June 8, 2011

Tornado's Over Vincentennial or How I Saw Margaret Hamilton On A Broomstick Outside My Hotel Window!

"I'll get you, my pretty David!"

I recently visited the tornado ridden town of St. Louis as a guest of Tom Stockman and his VINCENTENNIAL. While I was only there for one day and night it proved to test all my courage to fly into what became the eye of the storm on Wednesday,May 22nd, two days after the city of Joplin, Missouri was nearly destroyed by a monster tornado.

I left LAX that morning fully expecting for the flight to be canceled as the weather channels were all predicting another major tornado to hit St. Louis. A month before, the airport there had taken a bad hit, ripping off the roof on one of it's terminals.

The reason I am explaining all this is mainly to account for why my one and only event, introducing Vincent Price's only daughter, Victoria, to the Vincentennial, as well as, interviewing her after screening my 1987 interview with her father, was attended by an extremely low turn-out, on a night when tornado alerts had gone off only an hour before our 7pm opening at Brown University.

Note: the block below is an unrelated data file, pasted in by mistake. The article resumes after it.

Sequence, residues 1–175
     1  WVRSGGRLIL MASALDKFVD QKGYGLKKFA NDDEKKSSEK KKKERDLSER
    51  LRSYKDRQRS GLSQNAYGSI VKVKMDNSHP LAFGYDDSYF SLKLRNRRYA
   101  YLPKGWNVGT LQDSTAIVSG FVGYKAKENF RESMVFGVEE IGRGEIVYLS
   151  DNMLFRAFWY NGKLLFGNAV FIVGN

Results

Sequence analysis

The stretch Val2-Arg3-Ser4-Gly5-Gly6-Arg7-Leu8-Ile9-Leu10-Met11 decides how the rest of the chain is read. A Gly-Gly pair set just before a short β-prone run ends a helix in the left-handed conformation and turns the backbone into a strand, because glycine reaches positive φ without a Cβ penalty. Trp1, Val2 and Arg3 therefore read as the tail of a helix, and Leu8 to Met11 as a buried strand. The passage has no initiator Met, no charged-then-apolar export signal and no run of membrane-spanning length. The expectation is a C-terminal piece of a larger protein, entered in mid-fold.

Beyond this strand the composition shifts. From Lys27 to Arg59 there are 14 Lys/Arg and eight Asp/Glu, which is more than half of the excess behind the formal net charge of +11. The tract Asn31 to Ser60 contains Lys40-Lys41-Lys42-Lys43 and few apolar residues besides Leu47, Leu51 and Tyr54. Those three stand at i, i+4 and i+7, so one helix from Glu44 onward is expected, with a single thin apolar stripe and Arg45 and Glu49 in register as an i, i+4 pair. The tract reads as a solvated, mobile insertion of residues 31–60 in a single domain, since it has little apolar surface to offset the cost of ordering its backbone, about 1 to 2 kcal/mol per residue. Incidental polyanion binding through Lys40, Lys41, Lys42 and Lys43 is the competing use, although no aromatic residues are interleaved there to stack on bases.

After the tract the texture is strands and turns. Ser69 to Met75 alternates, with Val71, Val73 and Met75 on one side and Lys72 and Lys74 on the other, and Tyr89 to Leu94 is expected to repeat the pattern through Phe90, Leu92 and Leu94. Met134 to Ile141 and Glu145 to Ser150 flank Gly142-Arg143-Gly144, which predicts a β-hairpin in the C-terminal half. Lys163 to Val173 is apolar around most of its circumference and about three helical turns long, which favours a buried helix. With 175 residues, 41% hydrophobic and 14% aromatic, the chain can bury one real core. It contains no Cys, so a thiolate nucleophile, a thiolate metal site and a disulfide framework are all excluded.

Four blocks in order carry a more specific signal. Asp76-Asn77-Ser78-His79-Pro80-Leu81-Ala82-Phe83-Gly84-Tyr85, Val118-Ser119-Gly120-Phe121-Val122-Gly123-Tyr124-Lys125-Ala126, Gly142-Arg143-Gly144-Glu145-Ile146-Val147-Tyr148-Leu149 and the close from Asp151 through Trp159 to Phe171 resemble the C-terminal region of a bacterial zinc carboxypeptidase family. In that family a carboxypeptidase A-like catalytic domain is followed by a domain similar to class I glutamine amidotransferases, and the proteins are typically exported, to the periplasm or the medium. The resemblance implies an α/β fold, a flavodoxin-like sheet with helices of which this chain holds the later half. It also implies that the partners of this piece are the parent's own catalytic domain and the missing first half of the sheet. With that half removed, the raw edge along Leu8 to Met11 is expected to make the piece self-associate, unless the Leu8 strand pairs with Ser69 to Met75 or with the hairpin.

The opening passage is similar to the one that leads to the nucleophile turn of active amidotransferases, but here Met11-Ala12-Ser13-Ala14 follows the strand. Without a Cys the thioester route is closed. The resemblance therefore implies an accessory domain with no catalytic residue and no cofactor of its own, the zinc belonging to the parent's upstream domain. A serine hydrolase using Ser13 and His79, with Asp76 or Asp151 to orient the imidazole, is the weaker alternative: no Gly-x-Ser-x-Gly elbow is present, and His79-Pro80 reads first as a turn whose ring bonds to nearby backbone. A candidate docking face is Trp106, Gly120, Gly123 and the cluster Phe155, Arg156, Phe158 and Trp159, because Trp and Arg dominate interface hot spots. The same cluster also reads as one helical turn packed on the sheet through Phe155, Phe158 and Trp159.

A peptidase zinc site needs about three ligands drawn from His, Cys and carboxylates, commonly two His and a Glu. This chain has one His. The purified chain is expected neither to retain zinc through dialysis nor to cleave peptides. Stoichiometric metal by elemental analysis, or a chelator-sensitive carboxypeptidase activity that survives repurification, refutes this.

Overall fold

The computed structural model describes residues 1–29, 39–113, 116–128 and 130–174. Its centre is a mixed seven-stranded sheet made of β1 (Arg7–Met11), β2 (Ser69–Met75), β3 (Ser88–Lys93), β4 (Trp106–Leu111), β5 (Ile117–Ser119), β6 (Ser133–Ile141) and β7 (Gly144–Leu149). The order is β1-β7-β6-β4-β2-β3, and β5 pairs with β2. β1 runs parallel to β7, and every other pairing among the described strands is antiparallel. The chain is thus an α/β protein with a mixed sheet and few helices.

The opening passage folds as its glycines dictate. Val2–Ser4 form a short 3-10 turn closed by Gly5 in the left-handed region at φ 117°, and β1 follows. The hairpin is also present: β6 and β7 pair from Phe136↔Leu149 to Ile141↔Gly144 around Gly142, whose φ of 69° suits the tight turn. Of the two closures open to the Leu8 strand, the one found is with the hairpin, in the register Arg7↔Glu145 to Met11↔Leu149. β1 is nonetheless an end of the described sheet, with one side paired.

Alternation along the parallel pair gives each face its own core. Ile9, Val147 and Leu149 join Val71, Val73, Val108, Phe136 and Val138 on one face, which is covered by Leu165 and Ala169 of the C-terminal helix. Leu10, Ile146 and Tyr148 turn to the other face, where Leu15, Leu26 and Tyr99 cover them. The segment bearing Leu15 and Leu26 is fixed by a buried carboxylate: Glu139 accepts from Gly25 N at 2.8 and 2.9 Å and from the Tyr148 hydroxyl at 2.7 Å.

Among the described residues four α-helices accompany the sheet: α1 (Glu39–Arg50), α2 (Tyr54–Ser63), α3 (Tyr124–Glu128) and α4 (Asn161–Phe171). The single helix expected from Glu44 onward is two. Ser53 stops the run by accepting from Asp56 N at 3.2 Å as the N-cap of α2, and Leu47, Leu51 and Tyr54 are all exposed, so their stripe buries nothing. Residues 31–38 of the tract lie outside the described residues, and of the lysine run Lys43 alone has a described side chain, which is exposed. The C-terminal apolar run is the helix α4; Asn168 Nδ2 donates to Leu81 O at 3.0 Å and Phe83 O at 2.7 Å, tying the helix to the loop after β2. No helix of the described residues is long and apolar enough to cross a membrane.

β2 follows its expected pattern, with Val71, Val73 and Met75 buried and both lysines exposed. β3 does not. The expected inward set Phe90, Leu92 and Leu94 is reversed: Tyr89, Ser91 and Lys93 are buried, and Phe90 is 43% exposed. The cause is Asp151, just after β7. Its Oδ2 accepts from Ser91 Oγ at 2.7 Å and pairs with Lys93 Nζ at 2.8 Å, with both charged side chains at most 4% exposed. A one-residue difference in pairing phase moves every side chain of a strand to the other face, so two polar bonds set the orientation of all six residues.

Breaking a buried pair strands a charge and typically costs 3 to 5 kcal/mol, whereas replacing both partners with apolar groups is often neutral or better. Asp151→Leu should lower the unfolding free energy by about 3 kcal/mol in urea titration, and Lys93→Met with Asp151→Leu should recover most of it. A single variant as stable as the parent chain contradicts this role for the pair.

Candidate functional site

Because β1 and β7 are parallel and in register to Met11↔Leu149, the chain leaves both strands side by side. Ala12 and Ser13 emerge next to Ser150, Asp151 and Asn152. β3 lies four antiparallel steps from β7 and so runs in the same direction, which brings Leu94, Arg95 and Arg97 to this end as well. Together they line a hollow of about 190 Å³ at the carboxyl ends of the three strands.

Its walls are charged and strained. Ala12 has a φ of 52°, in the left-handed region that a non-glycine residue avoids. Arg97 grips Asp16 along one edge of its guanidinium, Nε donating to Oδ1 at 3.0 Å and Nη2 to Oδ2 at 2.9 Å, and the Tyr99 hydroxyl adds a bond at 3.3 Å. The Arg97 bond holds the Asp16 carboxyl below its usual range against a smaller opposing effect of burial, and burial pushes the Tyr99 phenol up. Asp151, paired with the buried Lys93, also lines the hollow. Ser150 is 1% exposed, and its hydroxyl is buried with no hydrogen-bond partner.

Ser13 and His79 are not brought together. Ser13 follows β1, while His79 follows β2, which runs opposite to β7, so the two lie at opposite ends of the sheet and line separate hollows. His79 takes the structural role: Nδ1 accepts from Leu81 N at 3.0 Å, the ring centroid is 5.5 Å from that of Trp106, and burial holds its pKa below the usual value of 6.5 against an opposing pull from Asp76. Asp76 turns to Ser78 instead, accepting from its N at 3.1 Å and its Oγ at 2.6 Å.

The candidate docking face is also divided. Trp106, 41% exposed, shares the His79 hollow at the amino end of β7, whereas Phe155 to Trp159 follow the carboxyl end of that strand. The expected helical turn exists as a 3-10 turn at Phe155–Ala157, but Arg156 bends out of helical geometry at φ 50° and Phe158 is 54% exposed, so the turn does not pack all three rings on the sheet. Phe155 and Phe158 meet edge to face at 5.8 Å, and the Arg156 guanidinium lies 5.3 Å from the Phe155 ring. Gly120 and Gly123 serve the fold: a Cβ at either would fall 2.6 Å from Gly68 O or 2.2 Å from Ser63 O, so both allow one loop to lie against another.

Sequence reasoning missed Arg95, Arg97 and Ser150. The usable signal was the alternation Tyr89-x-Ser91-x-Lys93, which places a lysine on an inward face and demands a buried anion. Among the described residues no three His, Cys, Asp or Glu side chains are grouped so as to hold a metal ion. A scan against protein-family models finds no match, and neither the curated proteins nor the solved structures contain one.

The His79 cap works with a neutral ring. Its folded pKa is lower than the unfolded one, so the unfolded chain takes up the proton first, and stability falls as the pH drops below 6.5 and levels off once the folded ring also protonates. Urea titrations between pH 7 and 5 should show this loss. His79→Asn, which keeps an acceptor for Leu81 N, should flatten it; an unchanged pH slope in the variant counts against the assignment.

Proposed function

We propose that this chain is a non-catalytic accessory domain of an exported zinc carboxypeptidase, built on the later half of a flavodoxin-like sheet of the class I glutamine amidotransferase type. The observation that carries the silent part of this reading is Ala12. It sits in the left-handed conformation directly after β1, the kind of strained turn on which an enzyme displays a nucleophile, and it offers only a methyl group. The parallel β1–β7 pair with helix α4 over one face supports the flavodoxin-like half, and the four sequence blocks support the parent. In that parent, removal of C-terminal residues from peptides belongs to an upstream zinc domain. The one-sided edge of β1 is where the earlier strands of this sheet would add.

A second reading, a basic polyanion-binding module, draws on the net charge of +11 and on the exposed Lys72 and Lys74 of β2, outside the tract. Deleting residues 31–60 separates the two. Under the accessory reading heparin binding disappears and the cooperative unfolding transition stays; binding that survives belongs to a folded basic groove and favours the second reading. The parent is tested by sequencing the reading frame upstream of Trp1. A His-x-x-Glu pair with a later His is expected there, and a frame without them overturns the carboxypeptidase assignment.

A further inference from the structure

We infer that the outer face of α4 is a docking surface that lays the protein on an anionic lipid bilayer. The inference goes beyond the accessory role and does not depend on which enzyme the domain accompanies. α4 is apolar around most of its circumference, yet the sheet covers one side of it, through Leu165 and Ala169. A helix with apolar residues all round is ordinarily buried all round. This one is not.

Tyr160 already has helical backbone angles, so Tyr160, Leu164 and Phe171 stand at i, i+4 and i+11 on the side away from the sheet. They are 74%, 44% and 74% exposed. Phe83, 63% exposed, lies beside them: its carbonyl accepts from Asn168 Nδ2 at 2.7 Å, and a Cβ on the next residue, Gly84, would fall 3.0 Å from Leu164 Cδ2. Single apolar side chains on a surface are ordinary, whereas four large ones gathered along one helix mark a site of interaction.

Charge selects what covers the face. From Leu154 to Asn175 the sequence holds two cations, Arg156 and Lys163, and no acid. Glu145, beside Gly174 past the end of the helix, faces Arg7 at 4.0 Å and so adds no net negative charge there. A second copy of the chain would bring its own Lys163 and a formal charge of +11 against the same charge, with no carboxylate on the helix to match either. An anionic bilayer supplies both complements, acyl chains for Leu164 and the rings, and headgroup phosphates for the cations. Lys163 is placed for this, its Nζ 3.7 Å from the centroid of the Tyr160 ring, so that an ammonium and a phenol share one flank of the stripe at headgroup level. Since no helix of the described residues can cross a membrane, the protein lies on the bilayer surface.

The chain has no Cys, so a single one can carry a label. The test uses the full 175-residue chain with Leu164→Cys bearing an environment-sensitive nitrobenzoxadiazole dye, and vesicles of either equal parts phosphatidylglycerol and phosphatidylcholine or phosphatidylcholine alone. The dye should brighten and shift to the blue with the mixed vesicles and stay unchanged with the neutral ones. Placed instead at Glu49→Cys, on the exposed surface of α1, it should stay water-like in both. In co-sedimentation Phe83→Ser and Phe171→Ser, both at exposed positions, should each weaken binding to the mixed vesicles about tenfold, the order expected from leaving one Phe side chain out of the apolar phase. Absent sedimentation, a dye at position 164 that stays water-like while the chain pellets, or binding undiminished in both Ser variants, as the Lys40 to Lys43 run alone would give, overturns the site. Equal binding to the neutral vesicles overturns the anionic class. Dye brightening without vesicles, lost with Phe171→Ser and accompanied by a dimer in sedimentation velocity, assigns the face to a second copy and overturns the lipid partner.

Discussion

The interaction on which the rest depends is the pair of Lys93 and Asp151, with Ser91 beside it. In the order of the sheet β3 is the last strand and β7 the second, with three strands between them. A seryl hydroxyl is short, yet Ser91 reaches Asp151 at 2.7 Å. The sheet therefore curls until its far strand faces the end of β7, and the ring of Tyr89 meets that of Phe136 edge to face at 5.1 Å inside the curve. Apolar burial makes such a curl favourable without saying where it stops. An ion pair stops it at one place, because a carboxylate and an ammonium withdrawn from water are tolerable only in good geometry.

"Welcome to my birthday party. There'll be food and drink and tornados."

My greatest fear, after flying over what was one of the worst storm seasons in Missouri's history, was to finally get there, only to have my event cancelled because of the weather. I mean, just three days before, Roger Corman was there with crowds of over 400 die-hard fans in attendance with no worries from mother nature. It just wasn't fair to do this to Victoria Price or me for that matter.

Vincent Price and Lillian Gish in "The Whales of August."

In any case, the event did go on as planned and I stood upon the small stage introducing THE WHALES OF AUGUST, one of Vincent's last films, to an audience of about ten(!) people. There was still hope that by the time Victoria arrived to watch her dad talk to me, there would be more of a crowd.

Myself and Ms. Gish.